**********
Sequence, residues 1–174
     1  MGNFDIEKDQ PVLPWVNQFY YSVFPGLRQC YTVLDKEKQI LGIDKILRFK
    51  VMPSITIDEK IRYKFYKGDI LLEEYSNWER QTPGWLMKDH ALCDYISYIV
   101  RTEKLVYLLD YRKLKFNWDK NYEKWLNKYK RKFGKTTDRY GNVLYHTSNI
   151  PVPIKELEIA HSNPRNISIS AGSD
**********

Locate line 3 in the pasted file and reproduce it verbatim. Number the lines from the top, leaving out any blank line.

    51  VMPSITIDEK IRYKFYKGDI LLEEYSNWER QTPGWLMKDH ALCDYISYIV